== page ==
Euphoria and reality

Print edition : March 13, 1999

After Lahore, India and Pakistan appear to have relapsed into antagonistic rhetoric. However, evidently, they are coordinating their responses to nuclear and related issues.


THE Cold War-style rhetoric that characterised India-Pakistan relations at one time appears to be back. Even as Prime Minister Nawaz Sharif speaks of a time-frame for self-determination in Jammu and Kashmir, his counterpart Atal Behari Vajpayee emphasises that India will not give up any territory. While India's External Affairs Minister Jaswant Singh repeatedly states that the days of map-making in the Indian subcontinent are over and that all parties concerned should accept the existing realities, the Pakistani side continues to maintain that Kashmir is a core issue.

While in Dhaka to attend the Developing-8 (D-8) summit of Islamic nations, Sharif told a Bangladeshi newspaper that Kashmir was the "core issue of conflict" between India and Pakistan. "This issue must be resolved to ease the tension and restore normalcy," he said. Sharif, however, admitted that after his talks with Vajpayee in Lahore there was a thaw in relations. He said that during the talks all aspects of bilateral relations were discussed, including the issue of "command and control regarding nuclear safety". (The United States has been prodding India and Pakistan to begin a serious dialogue in the aftermath of the nuclear tests conducted by both countries in May 1998. In a speech he made at the Brookings Institute, U.S. Deputy Secretary of State Strobe Talbott virtually stated that Washington would be more accommodative towards New Delhi if it made progress in its efforts to improve relations with Pakistan.)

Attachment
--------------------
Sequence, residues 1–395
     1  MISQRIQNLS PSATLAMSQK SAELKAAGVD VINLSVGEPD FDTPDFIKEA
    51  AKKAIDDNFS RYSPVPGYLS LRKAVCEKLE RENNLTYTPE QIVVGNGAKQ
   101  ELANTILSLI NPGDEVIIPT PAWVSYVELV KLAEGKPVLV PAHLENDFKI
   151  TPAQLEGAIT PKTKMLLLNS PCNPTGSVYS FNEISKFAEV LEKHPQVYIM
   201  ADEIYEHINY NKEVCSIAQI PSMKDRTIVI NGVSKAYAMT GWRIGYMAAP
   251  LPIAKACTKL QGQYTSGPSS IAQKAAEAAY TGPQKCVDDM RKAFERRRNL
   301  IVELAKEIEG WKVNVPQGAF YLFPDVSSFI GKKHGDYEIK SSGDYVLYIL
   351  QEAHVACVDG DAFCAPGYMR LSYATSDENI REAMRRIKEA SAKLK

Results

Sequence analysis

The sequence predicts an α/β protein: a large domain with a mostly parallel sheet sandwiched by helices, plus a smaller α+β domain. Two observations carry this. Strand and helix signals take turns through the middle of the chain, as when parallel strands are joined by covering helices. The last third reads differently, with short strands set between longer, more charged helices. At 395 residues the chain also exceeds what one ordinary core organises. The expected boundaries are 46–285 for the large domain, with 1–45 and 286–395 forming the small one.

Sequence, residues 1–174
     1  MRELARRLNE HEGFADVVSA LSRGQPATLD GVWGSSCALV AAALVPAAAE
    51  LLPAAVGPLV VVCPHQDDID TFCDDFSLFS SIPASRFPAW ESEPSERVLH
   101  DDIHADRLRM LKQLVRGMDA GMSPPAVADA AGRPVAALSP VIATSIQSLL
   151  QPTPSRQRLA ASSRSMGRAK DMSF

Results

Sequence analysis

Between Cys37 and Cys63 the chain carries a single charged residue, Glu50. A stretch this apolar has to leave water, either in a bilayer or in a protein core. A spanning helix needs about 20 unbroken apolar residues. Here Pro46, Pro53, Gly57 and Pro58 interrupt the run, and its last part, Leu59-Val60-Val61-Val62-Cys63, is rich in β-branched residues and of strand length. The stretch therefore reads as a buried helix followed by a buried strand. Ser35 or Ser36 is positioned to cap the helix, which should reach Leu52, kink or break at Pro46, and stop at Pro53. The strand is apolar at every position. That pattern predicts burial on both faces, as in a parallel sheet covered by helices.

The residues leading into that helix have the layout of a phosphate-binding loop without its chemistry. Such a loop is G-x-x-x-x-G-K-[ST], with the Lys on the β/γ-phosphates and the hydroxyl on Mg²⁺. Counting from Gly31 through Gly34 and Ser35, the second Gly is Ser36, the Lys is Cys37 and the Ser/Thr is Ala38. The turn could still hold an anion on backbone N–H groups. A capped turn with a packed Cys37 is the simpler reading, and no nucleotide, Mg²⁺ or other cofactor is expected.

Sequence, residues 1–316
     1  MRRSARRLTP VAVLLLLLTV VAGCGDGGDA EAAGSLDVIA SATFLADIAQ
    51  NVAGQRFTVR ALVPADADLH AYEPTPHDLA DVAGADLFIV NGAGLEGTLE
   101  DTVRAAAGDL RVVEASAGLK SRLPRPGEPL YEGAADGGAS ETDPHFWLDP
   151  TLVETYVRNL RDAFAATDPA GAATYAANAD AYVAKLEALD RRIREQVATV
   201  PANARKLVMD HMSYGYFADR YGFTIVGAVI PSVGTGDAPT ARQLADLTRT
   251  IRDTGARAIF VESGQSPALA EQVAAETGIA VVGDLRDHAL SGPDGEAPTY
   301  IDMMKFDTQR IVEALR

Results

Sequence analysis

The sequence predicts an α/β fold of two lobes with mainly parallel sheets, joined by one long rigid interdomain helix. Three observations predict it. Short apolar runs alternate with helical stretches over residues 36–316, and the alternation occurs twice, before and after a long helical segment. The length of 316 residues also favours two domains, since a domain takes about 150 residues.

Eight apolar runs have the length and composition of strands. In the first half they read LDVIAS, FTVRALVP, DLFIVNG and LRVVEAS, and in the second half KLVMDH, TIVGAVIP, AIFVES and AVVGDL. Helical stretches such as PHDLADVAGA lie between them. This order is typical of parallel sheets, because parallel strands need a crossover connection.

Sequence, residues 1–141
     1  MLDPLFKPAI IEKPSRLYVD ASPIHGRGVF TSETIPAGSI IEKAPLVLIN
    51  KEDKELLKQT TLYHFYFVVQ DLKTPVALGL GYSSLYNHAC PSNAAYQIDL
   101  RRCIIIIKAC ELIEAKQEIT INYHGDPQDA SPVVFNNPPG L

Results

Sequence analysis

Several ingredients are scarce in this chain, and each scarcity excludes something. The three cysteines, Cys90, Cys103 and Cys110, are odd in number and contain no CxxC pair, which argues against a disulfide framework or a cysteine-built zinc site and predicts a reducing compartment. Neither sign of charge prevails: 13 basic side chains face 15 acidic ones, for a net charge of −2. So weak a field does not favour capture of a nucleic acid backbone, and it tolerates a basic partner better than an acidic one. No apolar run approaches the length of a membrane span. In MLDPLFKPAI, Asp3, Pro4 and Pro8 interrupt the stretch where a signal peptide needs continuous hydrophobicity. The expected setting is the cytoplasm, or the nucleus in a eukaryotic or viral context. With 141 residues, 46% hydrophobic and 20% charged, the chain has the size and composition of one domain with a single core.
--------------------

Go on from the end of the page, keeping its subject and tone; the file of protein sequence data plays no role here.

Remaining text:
Both Islamabad and New Delhi have on occasions coordinated their responses on nuclear-related issues. This was the case during the Non-Aligned Movement (NAM) summit in Durban. Besides, the two countries share similar views on the imposition of an unequal trade and economic regime by the West. Both India and Pakistan have a common interest in ensuring that Central Asia's trade and resources are routed through South Asia instead of through Europe and the Persian Gulf.

Indian officials say that both countries will now coordinate their responses on nuclear issues, including command and control and nuclear doctrine. They may also coordinate their approach on the Comprehensive Test Ban Treaty (CTBT) and the proposed Fissile Material Cutoff Treaty (FMCT). In fact, both India and Pakistan seem to have offered to sign the CTBT before September 1999. Richard Celeste, the U.S. Ambassador to India, said in New Delhi in the first week of March that he believed that India would sign the CTBT at an early date. Earlier, testifying before the Senate Foreign Relations Committee, U.S. Secretary of State Madeleine Albright claimed that both India and Pakistan had agreed to adhere to the CTBT by the end of the year.